Montessori Programs in Public Schools
Montessori Programs in Public Schools. Does Montessori work in public schools. This site says yes.
From the site:
Maria Montessori founded the first Montessori school in Rome in 1907. It served 4- to 7-year-olds from low-income families in a full-day program. Montessori schools grew in number in Europe and India, and there was a great deal of U.S. interest in Montessori's methods from 1910 to 1920. After this time, Montessori methods were all but forgotten in the U.S. until the late 1950s. Then, a second Montessori movement began in the U.S., with a set of private schools serving an almost entirely middle-class population. A teacher shortage resulted in the opening of private Montessori teacher training centers that were typically free-standing, that is, not associated with a college or university. In the late 1960s, parents in several school districts began to agitate for public schools to offer the Montessori model for their elementary school children who had graduated from private Montessori preschools. This push was given a boost by the availability of federal funds for magnet programs. Today, more than 100 U.S. school districts have some type of Montessori program (Kahn, 1991).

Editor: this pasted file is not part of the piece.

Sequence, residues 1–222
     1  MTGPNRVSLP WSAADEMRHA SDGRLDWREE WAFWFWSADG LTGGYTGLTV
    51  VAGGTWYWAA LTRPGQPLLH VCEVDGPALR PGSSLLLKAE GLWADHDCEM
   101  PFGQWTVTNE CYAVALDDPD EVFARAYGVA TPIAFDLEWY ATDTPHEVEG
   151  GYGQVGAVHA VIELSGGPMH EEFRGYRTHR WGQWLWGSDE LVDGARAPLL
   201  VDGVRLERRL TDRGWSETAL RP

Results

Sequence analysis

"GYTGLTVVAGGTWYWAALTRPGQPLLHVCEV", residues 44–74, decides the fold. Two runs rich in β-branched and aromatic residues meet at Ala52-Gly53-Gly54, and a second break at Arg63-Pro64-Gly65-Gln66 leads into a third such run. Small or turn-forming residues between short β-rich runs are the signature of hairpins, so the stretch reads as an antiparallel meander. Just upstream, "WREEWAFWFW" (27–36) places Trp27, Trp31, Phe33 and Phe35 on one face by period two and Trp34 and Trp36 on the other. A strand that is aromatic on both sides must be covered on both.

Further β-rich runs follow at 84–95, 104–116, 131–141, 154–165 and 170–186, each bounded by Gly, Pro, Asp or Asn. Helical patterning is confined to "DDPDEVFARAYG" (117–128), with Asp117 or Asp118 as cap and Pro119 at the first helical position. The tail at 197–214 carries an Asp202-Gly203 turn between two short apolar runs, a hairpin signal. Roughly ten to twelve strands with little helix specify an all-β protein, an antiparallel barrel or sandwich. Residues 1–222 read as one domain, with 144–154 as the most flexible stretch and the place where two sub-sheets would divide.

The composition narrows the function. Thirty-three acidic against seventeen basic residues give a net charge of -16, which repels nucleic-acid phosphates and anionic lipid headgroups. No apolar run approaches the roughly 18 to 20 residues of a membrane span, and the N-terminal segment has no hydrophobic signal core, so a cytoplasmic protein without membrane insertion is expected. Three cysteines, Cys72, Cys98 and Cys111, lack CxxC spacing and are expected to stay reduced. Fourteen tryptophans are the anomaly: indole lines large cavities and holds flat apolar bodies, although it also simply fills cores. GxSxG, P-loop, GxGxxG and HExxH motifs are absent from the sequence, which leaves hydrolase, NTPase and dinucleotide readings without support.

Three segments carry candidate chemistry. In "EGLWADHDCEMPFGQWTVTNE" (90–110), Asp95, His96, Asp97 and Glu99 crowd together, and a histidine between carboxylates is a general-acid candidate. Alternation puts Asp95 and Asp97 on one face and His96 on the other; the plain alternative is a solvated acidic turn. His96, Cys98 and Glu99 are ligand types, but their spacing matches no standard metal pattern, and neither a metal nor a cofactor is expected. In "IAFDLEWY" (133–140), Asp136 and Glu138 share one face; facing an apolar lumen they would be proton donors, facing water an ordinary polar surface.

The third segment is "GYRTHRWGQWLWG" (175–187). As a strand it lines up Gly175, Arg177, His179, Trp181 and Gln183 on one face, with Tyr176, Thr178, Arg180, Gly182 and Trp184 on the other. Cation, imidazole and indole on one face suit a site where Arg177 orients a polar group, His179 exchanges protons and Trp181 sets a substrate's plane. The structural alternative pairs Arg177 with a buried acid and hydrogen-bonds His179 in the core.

From the beginning, the name "Montessori" has been in the public domain in the U.S. As a consequence, both schools and teacher education programs have proliferated without regulations or restrictions. Fortunately, many Montessori teacher education courses have some community college, college, or university affiliation, and some offer Master of Education degrees with the Montessori Program.
Some elementary schools have used the name "Montessori" to refer to programs that have little relation to the schools Montessori described. Many people rely on a school's affiliation with the Association Montessori Internationale (AMI) or the American Montessori Society (AMS) to determine whether the school's program actually uses Montessori methods. But the majority of the public schools have not chosen to affiliate with either organization, usually citing financial restrictions.